In the category of “you learn something new all the time,” this week I learned something new about Remote Online Notaries (“RONs”) used for real estate closings.
The scenario was that a seller was unaware until he reached the closing table that the signature of his wife — married since the house was acquired — was needed on the deed in order to release her rights of dower. Unfortunately, the wife was (a) a non-citizen of the USA, (b) she had a green card and had resided in the US for years, and (c) was physically located in Germany as of the time of the closing.
In the days before RONs, the only option was (a) email the deed to the signer and have them print it out in the remote jurisdiction (usually on funny-sized paper), (b) make an appointment at the U.S. Embassy for an overseas equivalent of a notary (or acknowledgement) (typically you can’t just drop in unannounced), (c) wait for that appointment and (d) Fed Ex the deed back to Cincinnati.
The wife was able to get a quick appointment at the U.S. Embassy and would be able to get a deed back to Cincinnati about five days after the initial closing (even including an intervening weekend). Unfortunately, the buyer just could not wait the five days and was throwing a fit, demanding thousands of dollars of concessions for (what we saw as) a relatively short delay.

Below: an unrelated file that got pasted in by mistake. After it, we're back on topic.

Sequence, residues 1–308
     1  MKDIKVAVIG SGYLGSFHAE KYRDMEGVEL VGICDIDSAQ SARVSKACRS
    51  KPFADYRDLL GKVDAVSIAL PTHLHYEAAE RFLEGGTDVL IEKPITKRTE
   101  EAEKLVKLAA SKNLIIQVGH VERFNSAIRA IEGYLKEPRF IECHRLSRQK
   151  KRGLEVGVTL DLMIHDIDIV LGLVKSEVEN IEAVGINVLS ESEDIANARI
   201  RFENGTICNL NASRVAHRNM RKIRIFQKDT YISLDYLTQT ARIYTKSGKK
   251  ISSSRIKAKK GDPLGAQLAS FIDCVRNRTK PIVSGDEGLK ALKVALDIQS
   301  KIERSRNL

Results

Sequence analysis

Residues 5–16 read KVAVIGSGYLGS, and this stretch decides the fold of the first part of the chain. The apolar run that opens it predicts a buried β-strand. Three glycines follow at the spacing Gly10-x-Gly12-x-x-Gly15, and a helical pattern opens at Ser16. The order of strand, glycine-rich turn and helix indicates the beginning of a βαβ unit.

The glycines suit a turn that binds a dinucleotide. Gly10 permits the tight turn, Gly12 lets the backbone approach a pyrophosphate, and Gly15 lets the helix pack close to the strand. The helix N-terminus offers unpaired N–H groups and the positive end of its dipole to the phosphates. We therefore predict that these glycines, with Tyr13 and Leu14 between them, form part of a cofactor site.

So, RON to the rescue, right?
Not so fast. The title underwriter’s (the guys who ultimately make the call as to whether we can close or not) first reaction was “so long as she is a US citizen, we can use a RON closing.” I replied, “well no, in addition to being out of the country she is not a US citizen.”
Digging deeper (which we appreciate our title underwriter doing), it turns out that the “US citizen” thing is not a bright line test. Rather, RON closings use sophisticated Knowledge-based Authentication (“KBA”). These are whose odd security questions that pull and query minute details from your past (many times when I am asked a KBA question, I don’t even know the answer, even though the question is about something I should know!). Well, as it turns out, those KBA questions are primarily pulled from information contained deep in your credit report, and — if your contacts to the US and its credit-reporting system ae sufficiently robust — RONs can possibly work for non-US citizens, including those who at the time are overseas. (You actually find out “if it works” during the execution of a RON closing.)
So, the closing was saved — RON got it done within hours of the first phone call. And I learned more about RON, citizenship and what “KBA” is.